So what did he follow it up with this week? A buzzword-laden, aggrieved in tone, defense of the President's war in Iraq, the NSA spying scandal and the torture of prisoners by the CIA. The three issues that no Republican in his right mind would touch, phrased in a way that cuddles him right up to the single most unpopular politician in America right now. I could almost see this ad running in small markets in a primary where he was facing a challenger with better right-wing credentials ... not that Jim Talent can face a candidate farther to the right, unless David Duke were to move to Missouri or John Ashcroft were to come out of retirement. But it feels to me like this week's ad buy has to have completely undone all of the good will he built up in the preceding months. What in the heck was his campaign thinking?

So, good news for the McCaskill campaign, right? Umm ... I wish. Both she and the DNCC unveiled ads this week that touted the same message: Claire McCaskill will solve the problem of high gas prices by raising taxes. No, really, that's what the ads said. I almost think I understand what they were trying to do here. These ads were almost certainly composed and filmed before gas prices started (conveniently, don't you think, for an industry so deeply in bed with the Republicans in the last two months before an election the Republicans are in trouble in?) dropping steadily, when outrage over high gas prices was still political issue number one. When newspaper accounts (that almost nobody who's capable of being swayed by a campaign TV ad read) were going on and on about how, instead of investing the huge profits they were making on gas at those prices into expanding supply the oil company CEOs and wealthy shareholders were simply pocketing the unprecedented numbers of billions of dollars. So doubtless some political operative somewhere thought it would be good politics, even though it's only vaguely related to her signature issue and most famous core competency of going after corruption, for her to bash the oil companies.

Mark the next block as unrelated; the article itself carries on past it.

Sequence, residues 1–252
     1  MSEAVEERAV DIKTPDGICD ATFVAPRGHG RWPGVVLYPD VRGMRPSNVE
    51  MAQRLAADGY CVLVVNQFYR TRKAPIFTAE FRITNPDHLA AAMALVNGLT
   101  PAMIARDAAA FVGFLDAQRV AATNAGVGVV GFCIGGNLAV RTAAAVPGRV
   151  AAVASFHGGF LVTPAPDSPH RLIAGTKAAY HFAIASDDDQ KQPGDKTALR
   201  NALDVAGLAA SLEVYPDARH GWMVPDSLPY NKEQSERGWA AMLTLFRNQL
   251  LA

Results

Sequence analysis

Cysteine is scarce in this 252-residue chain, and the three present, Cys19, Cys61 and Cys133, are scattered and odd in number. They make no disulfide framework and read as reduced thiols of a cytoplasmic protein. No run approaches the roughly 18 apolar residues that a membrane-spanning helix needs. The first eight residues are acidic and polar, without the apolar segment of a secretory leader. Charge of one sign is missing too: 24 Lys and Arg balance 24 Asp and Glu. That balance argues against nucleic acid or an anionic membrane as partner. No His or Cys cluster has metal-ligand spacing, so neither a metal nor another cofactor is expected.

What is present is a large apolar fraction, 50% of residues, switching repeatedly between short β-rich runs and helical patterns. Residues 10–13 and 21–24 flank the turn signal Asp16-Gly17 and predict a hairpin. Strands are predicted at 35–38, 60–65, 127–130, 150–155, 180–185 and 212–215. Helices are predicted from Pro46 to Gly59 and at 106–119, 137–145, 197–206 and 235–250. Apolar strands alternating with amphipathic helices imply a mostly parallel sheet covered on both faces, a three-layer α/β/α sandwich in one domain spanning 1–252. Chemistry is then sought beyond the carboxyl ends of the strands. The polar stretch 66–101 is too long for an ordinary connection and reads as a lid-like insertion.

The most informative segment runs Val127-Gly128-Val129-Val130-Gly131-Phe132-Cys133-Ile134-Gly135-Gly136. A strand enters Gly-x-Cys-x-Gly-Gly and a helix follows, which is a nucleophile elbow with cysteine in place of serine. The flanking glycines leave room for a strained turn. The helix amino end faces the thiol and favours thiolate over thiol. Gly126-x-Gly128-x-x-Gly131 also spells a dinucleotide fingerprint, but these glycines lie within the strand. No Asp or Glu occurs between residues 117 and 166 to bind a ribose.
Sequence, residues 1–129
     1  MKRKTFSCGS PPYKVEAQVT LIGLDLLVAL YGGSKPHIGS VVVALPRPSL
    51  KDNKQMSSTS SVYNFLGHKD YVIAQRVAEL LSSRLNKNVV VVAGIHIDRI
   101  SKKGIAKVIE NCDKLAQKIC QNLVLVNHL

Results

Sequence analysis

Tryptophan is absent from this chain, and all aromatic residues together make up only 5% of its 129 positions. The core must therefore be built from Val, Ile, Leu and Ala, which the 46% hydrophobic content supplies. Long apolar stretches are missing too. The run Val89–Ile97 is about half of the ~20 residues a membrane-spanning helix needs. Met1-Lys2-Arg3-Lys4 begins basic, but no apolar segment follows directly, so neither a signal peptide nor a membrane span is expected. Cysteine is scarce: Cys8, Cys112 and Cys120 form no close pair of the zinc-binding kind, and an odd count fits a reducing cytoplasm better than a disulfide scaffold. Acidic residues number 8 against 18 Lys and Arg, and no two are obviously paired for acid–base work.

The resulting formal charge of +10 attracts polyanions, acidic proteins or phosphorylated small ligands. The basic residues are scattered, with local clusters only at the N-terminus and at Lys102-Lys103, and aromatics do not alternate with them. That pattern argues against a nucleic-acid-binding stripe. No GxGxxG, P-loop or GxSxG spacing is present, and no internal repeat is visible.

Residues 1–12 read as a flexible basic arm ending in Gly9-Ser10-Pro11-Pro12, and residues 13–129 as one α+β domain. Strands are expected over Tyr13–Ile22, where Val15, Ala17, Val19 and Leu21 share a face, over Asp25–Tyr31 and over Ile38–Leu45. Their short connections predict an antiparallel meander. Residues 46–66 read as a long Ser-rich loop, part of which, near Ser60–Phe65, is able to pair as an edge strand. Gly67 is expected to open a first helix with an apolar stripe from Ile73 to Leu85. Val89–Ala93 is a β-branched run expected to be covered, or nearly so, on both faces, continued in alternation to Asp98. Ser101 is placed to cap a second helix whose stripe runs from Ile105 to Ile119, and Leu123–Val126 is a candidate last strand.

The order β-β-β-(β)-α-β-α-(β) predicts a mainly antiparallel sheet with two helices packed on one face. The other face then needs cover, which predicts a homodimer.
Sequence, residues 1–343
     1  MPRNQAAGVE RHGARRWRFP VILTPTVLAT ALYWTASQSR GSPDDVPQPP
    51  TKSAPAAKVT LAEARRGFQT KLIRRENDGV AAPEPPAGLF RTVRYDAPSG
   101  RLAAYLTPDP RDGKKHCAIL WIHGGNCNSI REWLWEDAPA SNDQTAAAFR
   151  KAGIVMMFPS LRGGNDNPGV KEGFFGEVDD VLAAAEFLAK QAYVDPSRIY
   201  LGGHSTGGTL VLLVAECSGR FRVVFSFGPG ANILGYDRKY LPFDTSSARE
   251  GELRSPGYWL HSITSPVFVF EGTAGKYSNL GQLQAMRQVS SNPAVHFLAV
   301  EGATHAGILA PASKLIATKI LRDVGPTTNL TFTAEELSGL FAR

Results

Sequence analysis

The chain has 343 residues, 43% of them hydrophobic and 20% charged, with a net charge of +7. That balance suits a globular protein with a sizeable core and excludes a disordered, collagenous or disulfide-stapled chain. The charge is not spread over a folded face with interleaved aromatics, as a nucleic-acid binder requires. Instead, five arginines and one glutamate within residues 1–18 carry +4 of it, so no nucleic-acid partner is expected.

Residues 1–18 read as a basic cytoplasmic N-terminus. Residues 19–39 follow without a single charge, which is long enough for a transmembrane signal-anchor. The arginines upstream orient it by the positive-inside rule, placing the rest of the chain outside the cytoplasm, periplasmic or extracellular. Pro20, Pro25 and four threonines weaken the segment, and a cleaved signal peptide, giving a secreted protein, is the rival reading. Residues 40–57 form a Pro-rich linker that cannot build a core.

But anybody with anything resembling even a tiny fraction of her family's experience in politics here in Missouri has to know that Missouri is one of the most knee-jerk, viciously, even irrationally anti-tax states in the union. There's a reason why Missouri ranks 44th over all (last numbers I saw) in per-capita taxation and per-capita state spending; clear majorities of Missourians assume that nearly all tax money sent to any government will be stolen. So how these ads spent weeks being poured over for the purpose of polishing them, then at least days being filmed and edited, then days or weeks being vetted to make sure they were perfect, without anybody pointing out that the ads put Claire McCaskill in the position of saying, "We're going to make companies lower prices on something by massively raising their taxes!," I have no idea. Something that dumb ought to have been impossible from a campaign at her level of intense scrutiny and investment.

I guess the bottom line is that, remarkably, both campaigns probably just wasted their money running negative "smear ads" against their own candidates the same week so the net effect was probably minimal. It's not something that ought to be worrying me. And it probably wouldn't, if I didn't have such a bad case of Engineer's Disease ... if I didn't cringe so hard when I see even my enemies do something so badly.